Recommended NZ | Guide to Money | Gimme: Competitions - Giveaways

Is The Blood On ACC's Hands?

Fuseworks Media
Fuseworks Media

A few weeks ago a male survivor, a professional young man who said he had been "violently raped" at the age of 7 years by member of his extended family warned the heads of the ACC Sensitive Claims Unit (SCU) that the "blood will be on your hands" if the new Clinical Pathway to access therapy for survivors of sexual abuse was implemented. In his view if he had to face the Clinical Pathway that the ACC SCU was proposing to implement on 27th October he would probably not have got the counselling help he needed as a student in his 20s. In a letter he told the heads of ACC and the Minister of ACC:

"I am absolutely certain that without the help of a counsellor, the pain and disability that I experienced due to the abuse I suffered as a child would have driven me to suicide. I would not be here today. At the time when I went to see my counsellor, I barely had the confidence or strength to tell him about the existence of the abuse. If my counsellor had told me I needed to see ACC's shrink three times and be diagnosed with a mental condition before I could go to counselling, I would never have gone back. The bottom line is that many young New Zealanders will not let themselves be diagnosed as crazy, and nor should they have to, to receive sex abuse counselling. Other than ACC counselling, many of those youngsters will never have an opportunity to receive counselling to deal with the consequences of child sexual abuse. Some of those individuals will commit suicide. When people start committing suicide as a result of the ACC's new policy, the blood will be on your hands. If this new policy is implemented, I hope that you like awake every night thinking about the talented, innocent young New Zealanders who have died because of the changes you have made".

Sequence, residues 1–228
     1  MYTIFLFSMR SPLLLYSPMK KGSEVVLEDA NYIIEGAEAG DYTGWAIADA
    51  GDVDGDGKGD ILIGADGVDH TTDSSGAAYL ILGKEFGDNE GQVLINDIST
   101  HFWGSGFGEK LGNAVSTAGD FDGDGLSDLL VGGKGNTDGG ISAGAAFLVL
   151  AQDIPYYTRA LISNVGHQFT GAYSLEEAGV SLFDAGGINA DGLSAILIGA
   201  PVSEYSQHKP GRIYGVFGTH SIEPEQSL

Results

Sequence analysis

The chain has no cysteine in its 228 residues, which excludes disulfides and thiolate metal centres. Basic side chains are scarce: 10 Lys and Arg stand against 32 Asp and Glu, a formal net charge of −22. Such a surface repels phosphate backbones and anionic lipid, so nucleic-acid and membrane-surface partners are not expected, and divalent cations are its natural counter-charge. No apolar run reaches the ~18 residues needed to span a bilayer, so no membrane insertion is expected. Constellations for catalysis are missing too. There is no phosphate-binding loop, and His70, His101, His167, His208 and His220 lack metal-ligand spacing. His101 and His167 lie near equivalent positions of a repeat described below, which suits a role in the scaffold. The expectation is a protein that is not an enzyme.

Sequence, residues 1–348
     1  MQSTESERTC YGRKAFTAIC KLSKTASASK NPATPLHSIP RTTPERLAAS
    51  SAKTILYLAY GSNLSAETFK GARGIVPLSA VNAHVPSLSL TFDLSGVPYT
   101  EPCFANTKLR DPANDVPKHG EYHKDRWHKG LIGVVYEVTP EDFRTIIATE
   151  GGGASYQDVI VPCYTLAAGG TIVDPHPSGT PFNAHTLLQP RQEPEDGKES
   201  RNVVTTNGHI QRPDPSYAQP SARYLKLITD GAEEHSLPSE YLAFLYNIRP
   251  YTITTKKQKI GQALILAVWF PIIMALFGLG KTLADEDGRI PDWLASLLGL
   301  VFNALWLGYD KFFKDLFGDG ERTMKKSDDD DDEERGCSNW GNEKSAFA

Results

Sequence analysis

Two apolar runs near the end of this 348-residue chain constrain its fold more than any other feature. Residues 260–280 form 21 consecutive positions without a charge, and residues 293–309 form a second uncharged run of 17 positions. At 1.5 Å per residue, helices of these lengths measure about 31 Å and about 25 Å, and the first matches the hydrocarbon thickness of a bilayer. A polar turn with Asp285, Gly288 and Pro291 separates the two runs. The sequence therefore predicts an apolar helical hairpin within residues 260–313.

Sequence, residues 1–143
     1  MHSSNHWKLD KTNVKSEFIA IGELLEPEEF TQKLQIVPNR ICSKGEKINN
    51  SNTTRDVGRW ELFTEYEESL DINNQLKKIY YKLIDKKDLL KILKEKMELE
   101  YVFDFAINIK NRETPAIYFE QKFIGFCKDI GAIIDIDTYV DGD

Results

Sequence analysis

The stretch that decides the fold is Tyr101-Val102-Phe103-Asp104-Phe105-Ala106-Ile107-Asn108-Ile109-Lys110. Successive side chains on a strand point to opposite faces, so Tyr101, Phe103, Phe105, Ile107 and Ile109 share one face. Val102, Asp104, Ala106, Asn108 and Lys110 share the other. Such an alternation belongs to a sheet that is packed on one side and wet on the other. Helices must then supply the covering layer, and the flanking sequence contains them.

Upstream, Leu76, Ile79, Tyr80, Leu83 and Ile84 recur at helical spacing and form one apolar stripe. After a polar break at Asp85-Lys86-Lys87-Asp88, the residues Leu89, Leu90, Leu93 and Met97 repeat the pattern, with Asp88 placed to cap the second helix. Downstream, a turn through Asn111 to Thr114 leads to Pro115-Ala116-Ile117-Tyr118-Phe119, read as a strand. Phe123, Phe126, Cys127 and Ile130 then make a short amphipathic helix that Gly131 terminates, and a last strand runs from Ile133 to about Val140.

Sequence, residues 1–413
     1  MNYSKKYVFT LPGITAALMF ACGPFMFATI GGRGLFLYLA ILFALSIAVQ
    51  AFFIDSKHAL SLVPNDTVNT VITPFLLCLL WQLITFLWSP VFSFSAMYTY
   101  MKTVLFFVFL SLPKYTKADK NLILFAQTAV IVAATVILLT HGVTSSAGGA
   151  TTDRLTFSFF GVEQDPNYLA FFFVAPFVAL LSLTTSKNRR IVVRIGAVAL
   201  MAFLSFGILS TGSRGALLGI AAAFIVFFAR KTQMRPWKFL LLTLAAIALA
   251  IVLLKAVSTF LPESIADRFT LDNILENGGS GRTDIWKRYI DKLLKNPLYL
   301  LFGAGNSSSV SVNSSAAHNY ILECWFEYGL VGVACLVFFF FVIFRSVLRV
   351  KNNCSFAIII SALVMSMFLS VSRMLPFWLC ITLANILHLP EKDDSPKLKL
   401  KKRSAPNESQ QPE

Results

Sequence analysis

Could the following case be the first example of the "blood on their hands" even before the Clinical Pathway is implemented?

A woman took years in the mental health system before she finally felt able to disclose that she had experienced many years of extreme sexually abuse by a member of her family as a child.

While in the mental health system she had been labelled with a particularly stigmatising psychiatric diagnosis because of her self-harming behaviours and suicide attempts. She reported feeling "judged", not taken seriously but instead felt "dismissed" by those in the mental health system.

Once she disclosed the sexual abuse she was referred for ACC subsidised counselling.

She completed ACC counselling several years ago and had stablised her life sufficiently to hold down a steady job and develop a secure ongoing relationship.

Recently she was extremely distressed at work when she came across a child who had been sexually abused at the same age as when the sexual abuse began for her. Distress about this child's case meant that the woman could not return to her job.